All articles tagged with ‘nature’

Cougars sneak into Port Moody Millennium Line station

While TransLink usually deals with human fare evaders, two cougars managed to bypass security and wander the tracks on the Evergreen extension of the Millennium Line on Friday morning. In the security footage below, TransLink stated in their Facebook post that the felines triggered the guideway intrusion alarm as they walked through the Inlet Centre station in Port Moody.

The late night visit took place just after 4:00 am PDT, well after transit service concluded for the day. Transit staff checked track-side fences and involved the BC Conservation Officers for assistance. Inlet Centre station sits below Barnet Highway and is not elevated.

Cat red-handed… A pair of cougars set off the intrusion alarm last night at Inlet Station on the Evergreen Extension. The meow-nificent pair were spotted on CCTV walking along the guideway through the station! Morning staff searched the line and were unable to find the animals before morning service began. We're not pawsitive how the duo gained access to the guideway, and we will be inspecting fencing along the line to ensure there are no holes or obvious ways for wildlife to get inside. All stations have closed circuit cameras which allow us to see what triggers intrusion alarms at any point. While this incident involving cougars is a first, it's not uncommon to see wildlife on the system. Our staff worked closely with Conservation Officers for guidance and will closely watch the station for signs of the clawver cats return. ^sk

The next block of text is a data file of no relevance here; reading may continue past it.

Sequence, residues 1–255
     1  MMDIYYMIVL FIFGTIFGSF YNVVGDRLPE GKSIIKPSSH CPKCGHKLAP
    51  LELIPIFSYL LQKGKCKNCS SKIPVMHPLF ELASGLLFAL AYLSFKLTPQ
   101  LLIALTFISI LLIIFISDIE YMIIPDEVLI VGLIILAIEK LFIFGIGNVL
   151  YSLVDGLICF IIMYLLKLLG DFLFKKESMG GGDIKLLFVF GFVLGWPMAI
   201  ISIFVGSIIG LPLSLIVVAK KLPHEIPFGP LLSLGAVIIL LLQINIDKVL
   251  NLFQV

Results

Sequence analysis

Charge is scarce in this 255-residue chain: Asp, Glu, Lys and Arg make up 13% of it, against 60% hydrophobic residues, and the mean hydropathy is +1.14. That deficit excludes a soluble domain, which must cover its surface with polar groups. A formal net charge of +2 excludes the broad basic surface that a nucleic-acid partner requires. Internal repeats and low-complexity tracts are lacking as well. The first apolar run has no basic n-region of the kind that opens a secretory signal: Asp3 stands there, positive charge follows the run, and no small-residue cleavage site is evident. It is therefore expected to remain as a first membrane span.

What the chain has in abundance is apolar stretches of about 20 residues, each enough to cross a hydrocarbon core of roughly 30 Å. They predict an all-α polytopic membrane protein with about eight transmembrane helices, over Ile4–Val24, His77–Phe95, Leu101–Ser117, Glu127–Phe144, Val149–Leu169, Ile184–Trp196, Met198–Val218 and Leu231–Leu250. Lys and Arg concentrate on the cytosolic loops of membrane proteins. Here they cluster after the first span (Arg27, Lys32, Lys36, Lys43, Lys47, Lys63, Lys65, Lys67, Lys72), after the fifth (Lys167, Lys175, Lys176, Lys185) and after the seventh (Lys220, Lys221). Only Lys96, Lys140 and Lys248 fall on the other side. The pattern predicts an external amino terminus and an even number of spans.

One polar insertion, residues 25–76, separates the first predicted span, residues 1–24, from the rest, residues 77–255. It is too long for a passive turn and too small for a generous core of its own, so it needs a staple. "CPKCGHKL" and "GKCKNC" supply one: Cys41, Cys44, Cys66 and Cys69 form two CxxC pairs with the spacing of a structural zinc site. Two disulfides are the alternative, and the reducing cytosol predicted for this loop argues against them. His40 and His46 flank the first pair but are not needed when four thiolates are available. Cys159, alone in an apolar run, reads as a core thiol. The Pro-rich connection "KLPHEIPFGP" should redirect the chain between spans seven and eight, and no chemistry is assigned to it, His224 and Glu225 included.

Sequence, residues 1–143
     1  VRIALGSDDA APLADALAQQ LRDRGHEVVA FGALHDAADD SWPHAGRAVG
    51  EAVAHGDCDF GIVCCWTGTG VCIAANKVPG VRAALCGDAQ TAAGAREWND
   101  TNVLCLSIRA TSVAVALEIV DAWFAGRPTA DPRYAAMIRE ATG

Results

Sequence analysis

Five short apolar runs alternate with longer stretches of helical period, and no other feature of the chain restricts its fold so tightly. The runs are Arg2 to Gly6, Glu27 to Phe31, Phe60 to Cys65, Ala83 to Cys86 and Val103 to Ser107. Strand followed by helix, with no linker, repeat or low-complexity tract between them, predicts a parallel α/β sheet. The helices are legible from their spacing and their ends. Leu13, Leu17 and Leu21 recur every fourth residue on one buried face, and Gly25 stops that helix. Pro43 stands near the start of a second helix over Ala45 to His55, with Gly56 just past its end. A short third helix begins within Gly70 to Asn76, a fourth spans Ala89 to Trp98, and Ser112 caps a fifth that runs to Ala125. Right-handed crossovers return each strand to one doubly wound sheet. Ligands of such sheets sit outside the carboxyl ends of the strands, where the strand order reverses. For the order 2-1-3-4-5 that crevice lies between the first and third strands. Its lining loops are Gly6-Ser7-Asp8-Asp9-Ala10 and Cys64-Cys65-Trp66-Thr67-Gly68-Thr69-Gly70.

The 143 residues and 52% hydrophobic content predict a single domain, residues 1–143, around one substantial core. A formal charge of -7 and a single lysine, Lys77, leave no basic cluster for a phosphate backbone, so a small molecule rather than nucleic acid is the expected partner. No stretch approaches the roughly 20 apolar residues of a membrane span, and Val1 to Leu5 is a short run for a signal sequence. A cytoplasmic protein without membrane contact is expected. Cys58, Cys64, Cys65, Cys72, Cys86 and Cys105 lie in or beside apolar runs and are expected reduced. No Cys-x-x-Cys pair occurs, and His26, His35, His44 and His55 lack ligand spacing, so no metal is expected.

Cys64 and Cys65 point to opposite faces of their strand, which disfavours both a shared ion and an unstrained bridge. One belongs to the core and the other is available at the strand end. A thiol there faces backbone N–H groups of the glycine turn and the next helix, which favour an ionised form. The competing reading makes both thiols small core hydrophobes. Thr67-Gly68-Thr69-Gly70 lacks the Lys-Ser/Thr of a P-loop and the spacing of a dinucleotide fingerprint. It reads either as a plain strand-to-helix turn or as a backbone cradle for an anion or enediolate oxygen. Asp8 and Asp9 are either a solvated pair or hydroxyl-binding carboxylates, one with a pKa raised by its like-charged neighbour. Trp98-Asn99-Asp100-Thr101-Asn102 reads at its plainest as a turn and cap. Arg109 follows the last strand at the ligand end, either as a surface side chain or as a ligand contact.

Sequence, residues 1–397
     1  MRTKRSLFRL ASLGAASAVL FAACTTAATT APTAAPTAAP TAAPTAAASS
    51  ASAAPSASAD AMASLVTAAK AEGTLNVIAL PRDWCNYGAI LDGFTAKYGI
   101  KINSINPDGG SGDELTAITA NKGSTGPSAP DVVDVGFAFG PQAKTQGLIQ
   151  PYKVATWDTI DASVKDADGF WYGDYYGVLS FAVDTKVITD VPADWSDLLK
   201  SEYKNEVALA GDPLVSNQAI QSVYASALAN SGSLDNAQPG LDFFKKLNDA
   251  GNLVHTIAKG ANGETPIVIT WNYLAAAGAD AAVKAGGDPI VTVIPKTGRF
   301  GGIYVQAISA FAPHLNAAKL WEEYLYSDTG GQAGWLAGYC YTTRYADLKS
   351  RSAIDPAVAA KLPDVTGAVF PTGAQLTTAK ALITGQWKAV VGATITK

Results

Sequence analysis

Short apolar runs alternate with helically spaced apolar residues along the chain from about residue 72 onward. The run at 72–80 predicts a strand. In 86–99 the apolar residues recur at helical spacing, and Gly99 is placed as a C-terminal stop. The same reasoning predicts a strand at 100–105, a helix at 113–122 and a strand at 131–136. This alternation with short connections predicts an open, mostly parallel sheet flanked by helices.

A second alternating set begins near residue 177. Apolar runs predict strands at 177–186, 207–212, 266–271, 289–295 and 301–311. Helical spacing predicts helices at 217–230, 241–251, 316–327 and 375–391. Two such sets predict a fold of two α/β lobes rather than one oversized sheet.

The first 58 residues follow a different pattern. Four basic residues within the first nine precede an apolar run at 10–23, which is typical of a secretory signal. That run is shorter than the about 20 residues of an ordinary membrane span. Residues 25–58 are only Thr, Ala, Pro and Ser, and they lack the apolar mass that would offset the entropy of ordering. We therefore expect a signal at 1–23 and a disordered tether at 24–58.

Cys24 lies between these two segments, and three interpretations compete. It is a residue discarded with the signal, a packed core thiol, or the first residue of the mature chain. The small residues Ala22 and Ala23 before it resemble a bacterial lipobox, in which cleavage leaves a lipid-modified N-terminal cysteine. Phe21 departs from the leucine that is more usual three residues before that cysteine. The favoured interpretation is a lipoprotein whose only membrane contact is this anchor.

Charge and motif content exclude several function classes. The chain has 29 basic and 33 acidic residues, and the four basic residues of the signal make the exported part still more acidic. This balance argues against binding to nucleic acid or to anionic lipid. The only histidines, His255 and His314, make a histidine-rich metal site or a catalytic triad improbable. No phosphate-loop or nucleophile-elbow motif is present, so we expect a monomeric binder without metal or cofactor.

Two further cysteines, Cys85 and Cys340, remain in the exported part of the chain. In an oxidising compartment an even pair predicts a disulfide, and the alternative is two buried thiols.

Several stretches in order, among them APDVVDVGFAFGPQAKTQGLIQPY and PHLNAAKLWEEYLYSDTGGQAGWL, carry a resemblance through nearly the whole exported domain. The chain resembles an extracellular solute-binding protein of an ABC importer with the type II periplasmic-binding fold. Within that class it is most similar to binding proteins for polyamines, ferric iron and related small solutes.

Posted by TransLink on Friday, April 21, 2017

Source: TransLink

Eagle

Over the last few weeks, plenty of eagles have chosen to congregate in Delta. While stopping alongside the highway wasn’t a really great option, nearby Deas Island Regional Park is a safer spot where you can find these majestic birds perched on the bare tree branches.

An eagle surveys his surroundings from a tree in Deas Island Regional Park.